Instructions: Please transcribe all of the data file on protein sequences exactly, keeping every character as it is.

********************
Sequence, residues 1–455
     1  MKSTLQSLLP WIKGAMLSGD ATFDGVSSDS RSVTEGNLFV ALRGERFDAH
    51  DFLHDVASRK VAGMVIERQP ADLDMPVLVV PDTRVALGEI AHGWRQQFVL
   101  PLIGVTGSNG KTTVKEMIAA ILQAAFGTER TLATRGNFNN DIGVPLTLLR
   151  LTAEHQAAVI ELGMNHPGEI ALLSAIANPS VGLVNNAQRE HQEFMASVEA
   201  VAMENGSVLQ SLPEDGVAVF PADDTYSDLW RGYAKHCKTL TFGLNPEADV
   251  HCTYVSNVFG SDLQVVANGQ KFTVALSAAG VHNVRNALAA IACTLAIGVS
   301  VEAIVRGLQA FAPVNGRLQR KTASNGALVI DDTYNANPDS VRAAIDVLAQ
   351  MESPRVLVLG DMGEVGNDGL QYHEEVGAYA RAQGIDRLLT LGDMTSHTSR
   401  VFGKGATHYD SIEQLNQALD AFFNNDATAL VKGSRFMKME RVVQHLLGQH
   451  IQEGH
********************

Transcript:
Sequence, residues 1–455
     1  MKSTLQSLLP WIKGAMLSGD ATFDGVSSDS RSVTEGNLFV ALRGERFDAH
    51  DFLHDVASRK VAGMVIERQP ADLDMPVLVV PDTRVALGEI AHGWRQQFVL
   101  PLIGVTGSNG KTTVKEMIAA ILQAAFGTER TLATRGNFNN DIGVPLTLLR
   151  LTAEHQAAVI ELGMNHPGEI ALLSAIANPS VGLVNNAQRE HQEFMASVEA
   201  VAMENGSVLQ SLPEDGVAVF PADDTYSDLW RGYAKHCKTL TFGLNPEADV
   251  HCTYVSNVFG SDLQVVANGQ KFTVALSAAG VHNVRNALAA IACTLAIGVS
   301  VEAIVRGLQA FAPVNGRLQR KTASNGALVI DDTYNANPDS VRAAIDVLAQ
   351  MESPRVLVLG DMGEVGNDGL QYHEEVGAYA RAQGIDRLLT LGDMTSHTSR
   401  VFGKGATHYD SIEQLNQALD AFFNNDATAL VKGSRFMKME RVVQHLLGQH
   451  IQEGH